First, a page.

Arts Council England (ACE) is using its 75th anniversary to make the case for the impact that public investment has on culture and creativity.
The organisation, which was created on 9 August 1946, grew out of the wartime Committee for the Encouragement of Music and the Arts which was established in 1940 to provide “inspiration and enjoyment” to communities facing nightly blackouts and bombing raids.
“The creation of the Arts Council and the model of funding which sees public investment in creativity and culture as essential to a mix which also includes philanthropy and private enterprise was a brilliant conception by a government in the middle of a war,” said ACE chair Nicholas Serota.
“Over the last 75 years we have created a world class creative and cultural sector. The anniversary is a moment to celebrate the impact of public funding of the arts on people’s lives, careers, and communities over this period. The principle of using publicly funds to stimulate creativity, culture and the arts was a bold innovation and has formed a blueprint for the creation of other arts councils across the world.”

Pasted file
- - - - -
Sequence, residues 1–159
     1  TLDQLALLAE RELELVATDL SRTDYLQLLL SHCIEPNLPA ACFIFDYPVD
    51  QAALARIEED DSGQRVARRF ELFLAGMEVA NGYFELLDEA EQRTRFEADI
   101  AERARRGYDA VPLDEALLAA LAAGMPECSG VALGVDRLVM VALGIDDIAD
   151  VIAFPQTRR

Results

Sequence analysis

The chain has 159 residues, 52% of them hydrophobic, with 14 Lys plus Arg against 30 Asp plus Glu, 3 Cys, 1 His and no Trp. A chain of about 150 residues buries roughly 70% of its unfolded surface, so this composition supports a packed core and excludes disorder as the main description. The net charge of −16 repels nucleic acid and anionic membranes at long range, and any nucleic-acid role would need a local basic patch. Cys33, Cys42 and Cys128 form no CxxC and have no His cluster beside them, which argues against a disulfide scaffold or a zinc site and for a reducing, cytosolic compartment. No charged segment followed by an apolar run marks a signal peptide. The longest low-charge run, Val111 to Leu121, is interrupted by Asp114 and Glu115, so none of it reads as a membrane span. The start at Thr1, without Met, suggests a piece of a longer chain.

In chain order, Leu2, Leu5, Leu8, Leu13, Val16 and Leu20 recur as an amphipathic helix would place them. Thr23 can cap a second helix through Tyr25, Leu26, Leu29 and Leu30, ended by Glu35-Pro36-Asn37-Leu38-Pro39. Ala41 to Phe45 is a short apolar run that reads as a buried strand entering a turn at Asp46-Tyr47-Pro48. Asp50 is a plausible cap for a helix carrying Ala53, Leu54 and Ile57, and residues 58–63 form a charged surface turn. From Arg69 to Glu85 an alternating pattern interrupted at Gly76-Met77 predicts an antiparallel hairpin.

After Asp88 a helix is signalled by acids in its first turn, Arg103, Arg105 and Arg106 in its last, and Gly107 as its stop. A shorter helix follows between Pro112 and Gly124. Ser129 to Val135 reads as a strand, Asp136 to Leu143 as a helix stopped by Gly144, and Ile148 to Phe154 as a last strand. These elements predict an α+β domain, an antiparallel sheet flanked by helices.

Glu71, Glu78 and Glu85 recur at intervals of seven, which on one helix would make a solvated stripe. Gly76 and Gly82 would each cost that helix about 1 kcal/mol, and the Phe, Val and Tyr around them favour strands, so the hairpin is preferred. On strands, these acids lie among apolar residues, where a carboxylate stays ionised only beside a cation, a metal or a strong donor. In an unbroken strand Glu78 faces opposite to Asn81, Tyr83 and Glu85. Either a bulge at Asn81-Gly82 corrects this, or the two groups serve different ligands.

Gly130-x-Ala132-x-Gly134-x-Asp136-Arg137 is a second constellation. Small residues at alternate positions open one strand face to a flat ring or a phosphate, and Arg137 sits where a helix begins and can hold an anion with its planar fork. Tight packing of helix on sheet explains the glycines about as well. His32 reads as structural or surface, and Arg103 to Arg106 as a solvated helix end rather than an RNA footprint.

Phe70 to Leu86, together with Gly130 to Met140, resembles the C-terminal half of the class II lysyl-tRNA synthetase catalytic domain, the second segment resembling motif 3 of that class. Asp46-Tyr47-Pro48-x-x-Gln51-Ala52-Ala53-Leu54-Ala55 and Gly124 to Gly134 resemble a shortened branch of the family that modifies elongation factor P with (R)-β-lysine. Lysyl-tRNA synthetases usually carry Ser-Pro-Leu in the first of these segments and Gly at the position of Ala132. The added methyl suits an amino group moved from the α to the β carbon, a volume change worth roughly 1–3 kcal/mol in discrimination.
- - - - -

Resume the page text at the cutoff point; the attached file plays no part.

The arts council funded just 46 organisations in 1946, which has grown to several thousand today. It became a distributor of lottery funding in the 1990s and more recently administered a large part of the government’s Cultural Recovery Fund.
Other key dates include 1994, when the Arts Council of Great Britain was replaced with national arts councils. In 2002, the Arts Council of England and the 10 regional arts boards merged and a year later the organisation was renamed Arts Council England.
Economist John Maynard Keynes, the arts council’s first chair, said the organisation should “give courage, confidence, and opportunity” with “enjoyment being its first aim.”
Over the coming weeks, ACE is planning to share memories, images and moments on social media that highlight the impact public investment in culture and creativity has had over three quarters of a century.